CRE fears are overstated

By Daniel Brown, Jeff Huther and Sharon Whitaker
ABA Data Bank

Economic growth is powered by businesses that need real estate to build, innovate, and sell goods and services. Much of this commercial real estate is financed by banks, and some small portion of that bank-financed space is in office towers in large cities. Despite this fraction-of-a-fraction exposure, recent commentary (here and here, for example) has expressed fears that bank lending to CRE owners is building into a major problem.

In reality, banks have limited and diverse CRE exposures, CRE loans have been made prudently, underlying cash flows may be stronger than critics assume, and banks are likely to be resilient to adverse outcomes.

Fear: Banks are overexposed to downtown office buildings.

Reality: There have been several articles studying nonfarm nonresidential CRE loans that assume these properties have tenants who have switched to fully remote work policies, and that these properties are at risk of default. However, as a previous ABA analysis has clearly illustrated, office properties account for just 17 percent of bank CRE holdings (and those non-office subsectors have significant tailwinds), but there are also subcomponents within office that have not been affected by the change to a work-from-home framework (medical offices, for example). This diversity means that any potential overall bank CRE losses are likely to be small.

Figure 1

Fear: Banks will face losses on CRE loans.

Reality: Since the 2008 financial crisis, banks have required borrowers to put more money down when originating CRE loans. This reduced leverage, combined with office property appreciation during the 2010s, has reduced banks’ risk of losses even for office towers with low occupancy. As Figure 1 (taken from Moody’s Analytics and the American Council of Life Insurers) shows, CRE loans originated during 2013 and 2018 were originated with significantly more capital than before the financial crisis (a shift that has undoubtedly continued).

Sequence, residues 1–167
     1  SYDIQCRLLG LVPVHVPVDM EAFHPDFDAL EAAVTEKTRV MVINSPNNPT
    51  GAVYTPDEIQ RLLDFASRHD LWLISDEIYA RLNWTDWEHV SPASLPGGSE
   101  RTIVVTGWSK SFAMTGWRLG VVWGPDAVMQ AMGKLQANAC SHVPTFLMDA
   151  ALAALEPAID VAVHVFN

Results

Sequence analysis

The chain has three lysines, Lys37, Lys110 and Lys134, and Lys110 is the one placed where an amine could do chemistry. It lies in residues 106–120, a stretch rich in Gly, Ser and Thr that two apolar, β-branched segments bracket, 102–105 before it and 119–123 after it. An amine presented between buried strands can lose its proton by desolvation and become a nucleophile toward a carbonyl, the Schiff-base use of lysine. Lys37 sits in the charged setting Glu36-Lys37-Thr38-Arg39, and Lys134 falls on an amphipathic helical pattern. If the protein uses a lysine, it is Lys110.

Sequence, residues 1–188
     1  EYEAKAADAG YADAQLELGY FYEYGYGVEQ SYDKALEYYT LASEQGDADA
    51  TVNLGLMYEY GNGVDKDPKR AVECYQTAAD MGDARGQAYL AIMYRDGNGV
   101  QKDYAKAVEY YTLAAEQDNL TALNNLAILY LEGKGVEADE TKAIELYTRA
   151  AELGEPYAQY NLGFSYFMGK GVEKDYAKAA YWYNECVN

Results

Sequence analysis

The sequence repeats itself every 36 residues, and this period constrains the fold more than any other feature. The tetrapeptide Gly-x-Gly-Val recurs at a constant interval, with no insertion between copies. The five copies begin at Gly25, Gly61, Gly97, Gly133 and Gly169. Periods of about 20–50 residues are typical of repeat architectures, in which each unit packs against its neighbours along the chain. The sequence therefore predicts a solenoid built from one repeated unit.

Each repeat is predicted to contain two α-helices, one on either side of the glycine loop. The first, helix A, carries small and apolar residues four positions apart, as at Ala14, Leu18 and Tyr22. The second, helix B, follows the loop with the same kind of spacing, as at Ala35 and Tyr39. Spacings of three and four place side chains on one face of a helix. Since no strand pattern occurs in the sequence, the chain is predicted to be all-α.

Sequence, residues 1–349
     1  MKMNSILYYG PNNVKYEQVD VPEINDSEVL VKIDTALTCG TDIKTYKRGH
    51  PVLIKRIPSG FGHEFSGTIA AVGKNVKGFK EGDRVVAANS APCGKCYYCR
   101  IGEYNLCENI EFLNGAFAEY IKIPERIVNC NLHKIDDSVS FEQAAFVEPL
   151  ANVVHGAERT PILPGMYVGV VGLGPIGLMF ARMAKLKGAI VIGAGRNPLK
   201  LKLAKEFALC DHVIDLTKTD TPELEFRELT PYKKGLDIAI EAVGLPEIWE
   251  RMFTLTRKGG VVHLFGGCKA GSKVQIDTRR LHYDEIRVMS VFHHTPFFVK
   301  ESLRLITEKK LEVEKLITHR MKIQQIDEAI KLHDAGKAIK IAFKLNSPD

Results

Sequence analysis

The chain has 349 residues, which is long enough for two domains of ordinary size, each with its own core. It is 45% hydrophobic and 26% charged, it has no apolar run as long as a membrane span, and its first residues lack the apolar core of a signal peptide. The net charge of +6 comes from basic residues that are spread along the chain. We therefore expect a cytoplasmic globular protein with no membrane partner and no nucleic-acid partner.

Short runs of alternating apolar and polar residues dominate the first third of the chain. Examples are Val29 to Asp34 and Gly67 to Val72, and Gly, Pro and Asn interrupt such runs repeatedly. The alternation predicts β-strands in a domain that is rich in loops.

Fear: Small banks are over-exposed to CRE.

Reality: Small and regional banks generally provide more CRE funding as a share of assets than large banks, leading to worries that small and regional banks are vulnerable to the office CRE downturn. However, bank CRE lending as a percent of total assets, both in aggregate and for various size cohorts of banks, has stayed relatively constant for both small and large banks (See Figure 2; note that some regional banks are included in the “large bank” category). CRE lending has been proportionately higher for smaller banks for decades, in large part because of their role as vital lenders to small businesses in their local communities. Combined with the previous section’s emphasis that these holdings are well diversified, these numbers highlight not only moderate growth in CRE lending by banks of all sizes, but also that lending has been conducted in a safe and sound manner.

Fear: The coming maturity wall could lead to a wave of defaults.